Love Me, Love Me, Say That You Love Me

by dhaaruni

I was born in 1994, with my Pluto, Venus, and Mars in Scorpio. For those of you who don’t believe in or aren’t versed in the language of astrology, this means that I’m pure water, emotional and volatile and inclined to hold onto things long after I should give them up. I think about love a lot, platonic love and filial love obviously, but obsessively, chronically about romantic love. I’m not theoretically inclined to be obsessed with marriage, since I’m a Modern WomanTM, I’m educated and well brought up and definitely going to work for a living. But when I lay in bed at night, I think about love- who loves me and who I love, the people I used to love and the people that used to love me. Do they still love me? Why did they love me in the first place, what about me was intrinsically lovable? Why do I love the people, or rather the person whom I love? Why, for all his numerous faults and fallacies do I still love him? I’m a reader of diverse books, of memoirs and fiction and of science fiction even, but lately, I’ve been reading Romance novels, of the kind that make it on the Best Romances of 2015 list on Goodreads. The last book I read was “Kulti” by Mariana Zapata and it made me think about the ultimate question is: why do we read Romance?

As I said, I’m not inclined towards gushing about the beauty of love and marriage. I’m rational in the stereotypical way, I don’t doodle boys’ names in my journal and I never did, I wear flowery dresses but I counteract it with coding in Java and Python and C# because that’s the way I have to be in order to keep myself balanced and sane. The reason I disapproved of Romance novels for so long, reading them in secret under my covers, is manifold. First, I was embarrassed about the sex in them because young women aren’t taught to enjoy healthy expressions of sexuality in media. Not that all the depictions of sex are ideal in Romance, but on the whole, they are catered to the female gaze in a way sex scenes in mainstream media are not, focused on the mutual pleasure of both partners. The men regularly go down on the women, bringing them through orgasm with their hands and their mouths, and the women reciprocate obviously because that’s the expectation in mutually beneficial relationships, but it doesn’t feel like an expectation or an obligation. Plus, of course, romance is a typically female dominated genre, and like everything that women love, it’s scorned as pathetic, disingenuous, and inherently inferior. “It’s not real literature”, “Why do women read porn?”, “Anybody could write it so only dumb people would read it.”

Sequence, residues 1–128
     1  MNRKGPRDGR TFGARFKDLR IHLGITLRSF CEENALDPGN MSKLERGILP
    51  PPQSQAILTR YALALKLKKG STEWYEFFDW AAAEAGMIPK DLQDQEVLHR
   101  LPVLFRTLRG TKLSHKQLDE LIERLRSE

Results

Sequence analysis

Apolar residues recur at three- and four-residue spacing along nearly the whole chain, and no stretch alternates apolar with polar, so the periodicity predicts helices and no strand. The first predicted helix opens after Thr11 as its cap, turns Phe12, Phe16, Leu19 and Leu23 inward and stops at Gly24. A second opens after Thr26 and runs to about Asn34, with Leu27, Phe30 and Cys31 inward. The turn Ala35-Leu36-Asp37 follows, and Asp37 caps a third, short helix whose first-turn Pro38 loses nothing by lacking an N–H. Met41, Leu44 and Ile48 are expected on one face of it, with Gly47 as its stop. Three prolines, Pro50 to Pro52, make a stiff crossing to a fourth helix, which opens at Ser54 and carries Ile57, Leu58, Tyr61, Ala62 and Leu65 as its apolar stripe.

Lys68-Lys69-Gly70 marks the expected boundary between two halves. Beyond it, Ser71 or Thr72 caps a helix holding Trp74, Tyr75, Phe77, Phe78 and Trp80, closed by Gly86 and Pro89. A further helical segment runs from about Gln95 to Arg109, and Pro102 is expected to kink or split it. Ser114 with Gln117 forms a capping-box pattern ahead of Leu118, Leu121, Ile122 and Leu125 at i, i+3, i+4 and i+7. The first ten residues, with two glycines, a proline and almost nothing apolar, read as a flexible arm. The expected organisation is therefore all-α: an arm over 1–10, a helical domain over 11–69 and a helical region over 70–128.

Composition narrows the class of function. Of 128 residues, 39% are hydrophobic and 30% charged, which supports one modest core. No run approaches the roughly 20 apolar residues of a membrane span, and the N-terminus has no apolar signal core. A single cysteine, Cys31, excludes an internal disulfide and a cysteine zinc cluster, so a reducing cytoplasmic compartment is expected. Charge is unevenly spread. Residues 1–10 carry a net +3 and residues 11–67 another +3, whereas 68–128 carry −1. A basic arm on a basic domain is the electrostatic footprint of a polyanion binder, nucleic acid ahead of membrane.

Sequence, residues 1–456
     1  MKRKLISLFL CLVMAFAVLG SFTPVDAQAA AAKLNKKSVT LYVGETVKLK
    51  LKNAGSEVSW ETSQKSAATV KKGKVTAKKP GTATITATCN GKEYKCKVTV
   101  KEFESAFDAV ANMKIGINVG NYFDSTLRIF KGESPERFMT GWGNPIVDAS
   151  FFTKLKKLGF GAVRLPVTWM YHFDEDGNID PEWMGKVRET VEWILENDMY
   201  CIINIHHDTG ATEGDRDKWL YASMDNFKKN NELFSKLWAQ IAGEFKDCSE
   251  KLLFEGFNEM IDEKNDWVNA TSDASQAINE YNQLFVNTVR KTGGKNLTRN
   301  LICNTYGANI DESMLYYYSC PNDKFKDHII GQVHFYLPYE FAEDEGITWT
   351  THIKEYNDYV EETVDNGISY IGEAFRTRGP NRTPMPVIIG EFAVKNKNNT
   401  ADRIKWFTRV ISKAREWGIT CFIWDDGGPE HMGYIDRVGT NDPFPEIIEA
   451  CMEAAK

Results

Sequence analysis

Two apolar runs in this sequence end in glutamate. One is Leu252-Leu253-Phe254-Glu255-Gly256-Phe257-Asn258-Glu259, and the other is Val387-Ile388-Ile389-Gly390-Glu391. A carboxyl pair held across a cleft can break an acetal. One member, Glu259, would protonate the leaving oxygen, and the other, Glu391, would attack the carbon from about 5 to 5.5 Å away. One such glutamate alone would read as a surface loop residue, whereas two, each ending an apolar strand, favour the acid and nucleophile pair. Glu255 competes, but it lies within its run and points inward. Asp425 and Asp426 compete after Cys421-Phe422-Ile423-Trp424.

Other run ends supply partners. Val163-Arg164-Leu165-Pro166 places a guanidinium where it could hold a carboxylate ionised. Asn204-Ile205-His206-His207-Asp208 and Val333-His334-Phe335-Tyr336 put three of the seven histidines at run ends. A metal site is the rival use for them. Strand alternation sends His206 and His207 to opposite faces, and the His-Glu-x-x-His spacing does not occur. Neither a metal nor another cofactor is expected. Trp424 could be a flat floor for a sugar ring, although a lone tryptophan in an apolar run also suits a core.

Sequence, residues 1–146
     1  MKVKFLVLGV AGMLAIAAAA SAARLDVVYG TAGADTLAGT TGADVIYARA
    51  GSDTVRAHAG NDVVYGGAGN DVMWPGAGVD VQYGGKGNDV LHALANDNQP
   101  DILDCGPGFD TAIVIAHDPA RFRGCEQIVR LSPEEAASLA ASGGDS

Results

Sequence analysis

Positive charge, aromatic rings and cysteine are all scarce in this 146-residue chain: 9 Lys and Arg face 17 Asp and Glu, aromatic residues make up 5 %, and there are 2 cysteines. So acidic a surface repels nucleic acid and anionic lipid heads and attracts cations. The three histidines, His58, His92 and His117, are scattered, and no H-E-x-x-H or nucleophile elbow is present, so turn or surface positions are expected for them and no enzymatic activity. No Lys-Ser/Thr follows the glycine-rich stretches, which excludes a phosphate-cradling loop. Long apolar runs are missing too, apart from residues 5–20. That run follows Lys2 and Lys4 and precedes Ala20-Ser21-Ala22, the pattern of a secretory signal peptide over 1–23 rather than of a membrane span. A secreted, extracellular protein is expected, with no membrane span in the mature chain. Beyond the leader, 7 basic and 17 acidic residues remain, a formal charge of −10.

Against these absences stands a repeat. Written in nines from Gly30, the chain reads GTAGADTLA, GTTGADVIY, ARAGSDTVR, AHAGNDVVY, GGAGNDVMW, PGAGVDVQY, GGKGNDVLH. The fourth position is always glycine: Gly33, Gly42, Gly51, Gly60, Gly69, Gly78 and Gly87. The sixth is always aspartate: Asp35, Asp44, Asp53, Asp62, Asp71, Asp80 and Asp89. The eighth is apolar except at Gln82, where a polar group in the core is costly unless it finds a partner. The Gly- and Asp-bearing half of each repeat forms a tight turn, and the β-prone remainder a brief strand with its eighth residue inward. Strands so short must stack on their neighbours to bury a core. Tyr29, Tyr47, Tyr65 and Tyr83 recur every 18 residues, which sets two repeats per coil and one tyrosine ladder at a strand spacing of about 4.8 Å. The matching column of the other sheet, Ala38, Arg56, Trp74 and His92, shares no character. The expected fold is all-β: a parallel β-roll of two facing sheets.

“Kulti” is about sports, quite possibly my least favorite topic in the universe. I’m the kind of girl who snapchats her best guy friend if basketball is the sport with the touchdowns almost 100% genuinely, who refuses Superbowl parties in order to get my nails done in bright gold because I’m a real life Disney princess or something, who told my ex-boyfriend I would go to a baseball game with him if he attended a Fashion Week show, complete with black tie after party. But I liked “Kulti” because it was about people who characterized their sports rather than sports that characterized people. There’s a reason as a human race we’re invested in sports, in our fraternities, in our unions- they unite us and bring forth the most elemental characteristics we possess, teamwork, responsibility for others, and the quest for individuality while attempting to bolster a team. Sal and Kulti were both multidimensional characters and not in the way that was contrived, constructed to further a plot or to give the reader some juicy scenes. The progression of their relationship felt natural and their romance felt realistic because it wasn’t really a love story; it was a story about love in life, a life story if you must call it that.